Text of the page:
School slide for Bengal, comrade still
CHARU SUDAN KASTURI
New Delhi, Jan. 22:
Educational standards for Classes I to VIII in Bengal have declined over
the past year, widening the gap between the state and its Left-ruled
partner Kerala, a central government study has said.
Bengal has slipped nearer to the bottom of the pile of states and Union
territories, with only Jharkhand and Bihar below it, in the annual
analysis of school education, released by the government today.
“What is especially sad to see is that Bengal did not see its poor ranking
last year as reason enough to push itself upwards on the education scale,”
a senior official of the National University of Educational Planning and
Administration said. The university has conducted the study for the human
resource development ministry.
In 2005-06, Bengal was ranked an abysmal 32 out of 35 states and Union
territories, with Arunachal Pradesh, Jharkhand and Bihar behind it.
Arunachal has now swapped places with Bengal while Uttar Pradesh, ranked
31 — just ahead of Bengal — last year has hoisted itself up to 26 in the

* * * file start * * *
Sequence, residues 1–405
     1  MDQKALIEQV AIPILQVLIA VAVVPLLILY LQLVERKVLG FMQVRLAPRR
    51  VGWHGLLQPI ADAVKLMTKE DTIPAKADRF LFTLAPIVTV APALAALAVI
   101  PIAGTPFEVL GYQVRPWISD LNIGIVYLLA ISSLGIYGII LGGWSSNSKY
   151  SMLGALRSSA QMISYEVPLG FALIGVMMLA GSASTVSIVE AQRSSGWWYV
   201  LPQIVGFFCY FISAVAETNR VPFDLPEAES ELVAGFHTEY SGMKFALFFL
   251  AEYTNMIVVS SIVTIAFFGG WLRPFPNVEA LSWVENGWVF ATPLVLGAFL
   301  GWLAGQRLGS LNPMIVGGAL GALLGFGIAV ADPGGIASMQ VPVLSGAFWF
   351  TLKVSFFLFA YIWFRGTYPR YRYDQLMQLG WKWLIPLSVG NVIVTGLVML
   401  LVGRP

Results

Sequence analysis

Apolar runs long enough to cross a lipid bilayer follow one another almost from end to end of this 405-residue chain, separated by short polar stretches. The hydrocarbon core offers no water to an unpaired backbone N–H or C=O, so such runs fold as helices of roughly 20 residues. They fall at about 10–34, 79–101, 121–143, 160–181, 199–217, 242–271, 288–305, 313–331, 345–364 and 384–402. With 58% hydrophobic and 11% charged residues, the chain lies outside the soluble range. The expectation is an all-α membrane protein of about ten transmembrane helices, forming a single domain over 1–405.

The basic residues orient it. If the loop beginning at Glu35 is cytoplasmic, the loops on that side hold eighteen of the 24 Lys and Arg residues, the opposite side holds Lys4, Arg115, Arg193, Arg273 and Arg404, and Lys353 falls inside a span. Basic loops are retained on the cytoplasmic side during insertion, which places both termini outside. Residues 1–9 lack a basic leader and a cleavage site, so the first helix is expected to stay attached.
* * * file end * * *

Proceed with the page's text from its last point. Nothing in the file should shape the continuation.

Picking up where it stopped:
Kerala, on the other hand, has held on to the pole position. The research
studied access to schools, infrastructure, teachers and the performance of
students to arrive at an educational development index (EDI) for primary
(Classes I to V) and upper-primary (Classes VI to VIII) sections.
The state is ranked 30 for primary classes and 33 for upper-primary. Yet,
Bengal’s overall ranking is 33 — a result of the state’s particularly
pathetic education indices in the latter segment. And the state cannot
blame its teachers.
Infrastructure (31), access (34) and student performance (34) at the
upper-primary level are significantly worse than teaching (28), according
to the research. Buddhadeb Bhattacharjee’s government may have plans to
transform Bengal — at least parts of it — into an IT hub, but only one out
of every 20 schools in the state (5.35 per cent) has computer facilities.
In Kerala, the figure is 61 per cent. Almost 97 per cent of Kerala schools
have safe drinking water available compared with 78 per cent in Bengal.The
national average is 85 per cent. Less than a third of schools (31 per
cent) in Bengal have a girls’ toilet compared with 77 per cent in Kerala.
Kerala, too, has its problems in school education though, the study has
While the southern state is near the top in infrastructure, teaching and
student performance, access to schools is poor at both the primary (34)
and the upper-primary (26) levels. Access at the upper-primary level is
worse than in Bengal. Bengal also betters Kerala in indicators related to
the Muslim population.
According to the 2001 census, 24.7 per cent of Kerala’s population is
Muslim. But only 10 per cent of the students — at both primary and
upper-primary levels — are from the community. Bengal has a comparable
Muslim population — 25.25 per cent. But as many as 28 per cent of primary
students and 20 per cent at the upper-primary level are from the